A novel chip-based microfluidic diagnostic platform, featuring a microfluidic chip and an artificial intelligence (AI)-powered automated microscope, can estimate hemoglobin levels in whole blood samples less expensively than hematology analyzers, according to research published February 23 in AIP Advances.
The microfluidic chip in combination with the AI-powered automated microscope has a turnaround time of 10 minutes, including incubation time. This biochemical assay, which can derive the total as well as differential counts of blood cells, achieved a sensitivity of 92.3% and a specificity of 53.8%, wrote lead author Lokanathan Arcot of SigTuple Technologies of Karnataka, India, and colleagues.
The microfluidic chip-automated microscope combination also achieved a Pearson correlation of 0.99 in a validation study comparing the new tool and a commercially available hematology analyzer. This means the data obtained from the microfluidic chip in combination with the automated microscope was comparable with the estimates of hematology analyzers. The validation study showed the method meets regulatory standards, indicating physicians and hospitals are likely to accept it.
The researchers believe that their imaging-based hemoglobin assay is a cost-effective alternative to the most prevalent hematology analyzers. The finalized chip design, including the reagent, cost $0.136, they reported. And they indicated their work can help guide future attempts to translate conventional biochemical assays onto microfluidic chips.
Rapid affordable point-of-care (POC) diagnostics continue to be in demand. But high reagent volumes and complex-expensive optical setup requirements create serious challenges when it comes to adopting conventional biochemical assays, such as the sodium lauryl sulfate (SLS) technique, into a POC device.
Essentially, the developers have created a modified SLS assay on a microfluidic platform in which quantification is achieved using a simple microscopy-based imaging setup. The scientists optimized various assay parameters, including SLS reagent-to-blood volume ratio, total reaction volume, the concentration of sodium dodecyl sulfate (SDS), and microfluidic chamber design to achieve photometric quantitation capability across a clinical range of hemoglobin. The microfluidic platform and automated microscope were designed to provide a complete blood count and differential count.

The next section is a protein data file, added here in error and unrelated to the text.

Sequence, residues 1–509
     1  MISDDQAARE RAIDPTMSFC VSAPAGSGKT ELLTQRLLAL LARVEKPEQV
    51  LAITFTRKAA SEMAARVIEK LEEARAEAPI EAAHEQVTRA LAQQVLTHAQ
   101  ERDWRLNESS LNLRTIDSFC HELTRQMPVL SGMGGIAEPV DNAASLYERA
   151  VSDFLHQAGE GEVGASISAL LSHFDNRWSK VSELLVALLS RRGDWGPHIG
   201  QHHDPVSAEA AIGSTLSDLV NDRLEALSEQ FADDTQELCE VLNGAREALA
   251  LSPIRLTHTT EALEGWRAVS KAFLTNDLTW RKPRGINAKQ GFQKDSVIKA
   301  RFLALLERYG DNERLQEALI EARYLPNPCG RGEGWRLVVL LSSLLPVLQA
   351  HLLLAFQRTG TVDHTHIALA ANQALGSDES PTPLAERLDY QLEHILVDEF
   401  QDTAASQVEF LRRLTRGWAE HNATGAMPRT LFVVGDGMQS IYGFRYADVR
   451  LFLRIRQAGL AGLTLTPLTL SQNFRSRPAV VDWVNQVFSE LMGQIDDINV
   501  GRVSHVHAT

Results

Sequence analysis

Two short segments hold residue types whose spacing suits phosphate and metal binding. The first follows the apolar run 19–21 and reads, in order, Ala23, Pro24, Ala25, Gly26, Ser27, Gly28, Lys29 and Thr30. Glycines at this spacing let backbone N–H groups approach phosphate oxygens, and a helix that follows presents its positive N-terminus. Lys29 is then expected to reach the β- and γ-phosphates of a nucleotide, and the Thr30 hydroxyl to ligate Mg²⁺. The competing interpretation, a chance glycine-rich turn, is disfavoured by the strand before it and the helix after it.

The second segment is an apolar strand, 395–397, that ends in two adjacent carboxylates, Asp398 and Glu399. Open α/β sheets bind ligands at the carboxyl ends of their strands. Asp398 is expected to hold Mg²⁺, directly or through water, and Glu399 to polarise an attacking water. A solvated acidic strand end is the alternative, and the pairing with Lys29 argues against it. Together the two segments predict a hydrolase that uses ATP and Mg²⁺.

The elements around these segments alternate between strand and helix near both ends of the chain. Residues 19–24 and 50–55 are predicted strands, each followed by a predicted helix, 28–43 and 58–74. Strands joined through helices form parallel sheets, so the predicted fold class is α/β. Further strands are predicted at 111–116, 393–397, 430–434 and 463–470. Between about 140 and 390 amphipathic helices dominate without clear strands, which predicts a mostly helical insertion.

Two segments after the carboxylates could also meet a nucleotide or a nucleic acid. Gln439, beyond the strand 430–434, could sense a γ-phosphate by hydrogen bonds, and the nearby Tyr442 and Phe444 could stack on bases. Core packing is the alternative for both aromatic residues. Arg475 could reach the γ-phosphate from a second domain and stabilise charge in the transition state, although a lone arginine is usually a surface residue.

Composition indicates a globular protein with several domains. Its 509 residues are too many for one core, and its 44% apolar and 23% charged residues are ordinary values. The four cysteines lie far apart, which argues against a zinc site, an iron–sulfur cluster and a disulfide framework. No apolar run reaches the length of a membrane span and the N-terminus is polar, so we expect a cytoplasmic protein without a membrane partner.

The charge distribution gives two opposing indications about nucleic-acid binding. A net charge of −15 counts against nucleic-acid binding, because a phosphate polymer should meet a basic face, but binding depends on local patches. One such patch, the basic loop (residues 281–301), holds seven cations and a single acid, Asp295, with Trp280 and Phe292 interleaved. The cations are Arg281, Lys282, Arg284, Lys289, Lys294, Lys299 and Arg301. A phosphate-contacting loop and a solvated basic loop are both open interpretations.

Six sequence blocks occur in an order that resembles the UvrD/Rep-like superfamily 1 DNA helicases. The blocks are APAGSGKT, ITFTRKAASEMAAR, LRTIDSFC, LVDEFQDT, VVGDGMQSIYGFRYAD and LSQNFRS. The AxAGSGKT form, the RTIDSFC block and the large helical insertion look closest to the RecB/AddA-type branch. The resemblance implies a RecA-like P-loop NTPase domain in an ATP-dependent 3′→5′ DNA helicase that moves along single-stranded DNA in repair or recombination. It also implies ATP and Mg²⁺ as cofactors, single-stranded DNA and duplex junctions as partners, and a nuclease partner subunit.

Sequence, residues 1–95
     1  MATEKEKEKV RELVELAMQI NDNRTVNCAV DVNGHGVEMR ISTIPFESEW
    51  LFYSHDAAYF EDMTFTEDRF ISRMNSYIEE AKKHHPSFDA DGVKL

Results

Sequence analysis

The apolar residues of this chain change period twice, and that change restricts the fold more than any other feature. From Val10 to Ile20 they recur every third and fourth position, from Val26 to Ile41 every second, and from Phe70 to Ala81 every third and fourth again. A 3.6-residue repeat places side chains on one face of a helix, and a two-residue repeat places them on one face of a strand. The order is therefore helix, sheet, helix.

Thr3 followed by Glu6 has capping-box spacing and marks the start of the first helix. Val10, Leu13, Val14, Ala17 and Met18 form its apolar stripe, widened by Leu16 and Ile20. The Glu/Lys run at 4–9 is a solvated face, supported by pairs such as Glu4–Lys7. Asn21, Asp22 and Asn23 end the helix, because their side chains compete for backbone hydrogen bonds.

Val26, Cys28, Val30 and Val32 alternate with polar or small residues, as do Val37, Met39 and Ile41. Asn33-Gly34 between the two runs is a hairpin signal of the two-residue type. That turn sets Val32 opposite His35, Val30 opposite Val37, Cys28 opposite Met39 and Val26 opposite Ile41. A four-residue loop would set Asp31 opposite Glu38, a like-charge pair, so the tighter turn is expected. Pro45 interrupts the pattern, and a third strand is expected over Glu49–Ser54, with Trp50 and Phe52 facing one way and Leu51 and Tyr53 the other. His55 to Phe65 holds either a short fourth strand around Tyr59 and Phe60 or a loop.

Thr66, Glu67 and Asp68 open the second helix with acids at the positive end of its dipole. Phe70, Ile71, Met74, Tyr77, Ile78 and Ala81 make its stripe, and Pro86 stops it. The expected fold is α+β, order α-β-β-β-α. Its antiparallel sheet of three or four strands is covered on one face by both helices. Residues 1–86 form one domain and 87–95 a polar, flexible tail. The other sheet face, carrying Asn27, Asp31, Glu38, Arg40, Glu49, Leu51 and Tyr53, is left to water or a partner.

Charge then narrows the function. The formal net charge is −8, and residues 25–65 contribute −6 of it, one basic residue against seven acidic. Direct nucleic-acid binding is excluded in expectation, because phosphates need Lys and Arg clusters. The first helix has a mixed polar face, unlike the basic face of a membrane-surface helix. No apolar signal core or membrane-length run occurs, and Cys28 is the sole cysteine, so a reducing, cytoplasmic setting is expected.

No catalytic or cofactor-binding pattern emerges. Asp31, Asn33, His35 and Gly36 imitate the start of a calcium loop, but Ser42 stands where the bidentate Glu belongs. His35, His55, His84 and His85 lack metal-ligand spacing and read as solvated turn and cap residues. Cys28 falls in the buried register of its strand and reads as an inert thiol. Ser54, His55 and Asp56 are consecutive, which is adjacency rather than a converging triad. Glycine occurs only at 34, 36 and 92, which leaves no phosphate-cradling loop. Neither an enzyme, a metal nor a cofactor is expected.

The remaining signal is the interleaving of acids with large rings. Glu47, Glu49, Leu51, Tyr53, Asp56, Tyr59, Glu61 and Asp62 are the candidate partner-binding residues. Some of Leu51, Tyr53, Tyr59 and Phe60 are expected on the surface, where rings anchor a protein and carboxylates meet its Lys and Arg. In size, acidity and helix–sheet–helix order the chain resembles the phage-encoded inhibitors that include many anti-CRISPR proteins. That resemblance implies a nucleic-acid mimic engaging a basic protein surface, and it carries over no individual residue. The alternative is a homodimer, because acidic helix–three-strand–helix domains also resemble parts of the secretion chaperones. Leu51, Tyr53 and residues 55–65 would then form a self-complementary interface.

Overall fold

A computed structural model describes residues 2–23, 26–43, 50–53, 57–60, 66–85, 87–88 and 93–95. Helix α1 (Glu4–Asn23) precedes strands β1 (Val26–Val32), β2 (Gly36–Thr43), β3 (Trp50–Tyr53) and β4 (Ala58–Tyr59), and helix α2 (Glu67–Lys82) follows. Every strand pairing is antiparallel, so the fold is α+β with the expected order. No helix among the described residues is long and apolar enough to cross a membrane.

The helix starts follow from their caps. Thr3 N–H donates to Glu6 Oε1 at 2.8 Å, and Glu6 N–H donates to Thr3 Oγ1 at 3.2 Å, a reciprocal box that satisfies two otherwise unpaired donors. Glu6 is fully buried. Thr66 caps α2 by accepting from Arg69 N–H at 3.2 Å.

To compensate for low sensitivity and low signal intensity, the researchers modified the volume ratio between blood and the SLS reagent, as well as the concentration of SDS in the SLS reagent, to make them sensitive to hemoglobin across the clinically relevant range on an automated microscopy system.
Microfluidic technology makes it possible to minimize the reagent and a sample volume. Also, a greater amount of automation becomes possible, which minimizes the potential for manual errors. The microfluidic chip was designed with a single inlet through which the blood–reagent mixture is flowed using a pipette. The sample inlet port has a diameter of 1 mm so that the pipette tip fits tightly, preventing potential leaks.
The researchers explained that the AI-powered digital scanner can operate in two modes for blood analysis. The first mode identifies and counts cells/platelets in a mixture of blood and necessary reagents loaded into a microfluidic chamber. The second mode is for estimating the hemoglobin content. This activated only the green part of a red-green-blue-white LED.
The microscope normally uses a combination of red, green, and blue LEDs. It used only the green LED during hemoglobin estimation because the optimized reagent (SDS-hemoglobin) complex absorbs light in the green wavelength.
An AI-powered auto-focus program makes it possible to capture well-focused images at specified locations in the region of interest within the two-dimensional area of the microfluidic chamber or a smear slide.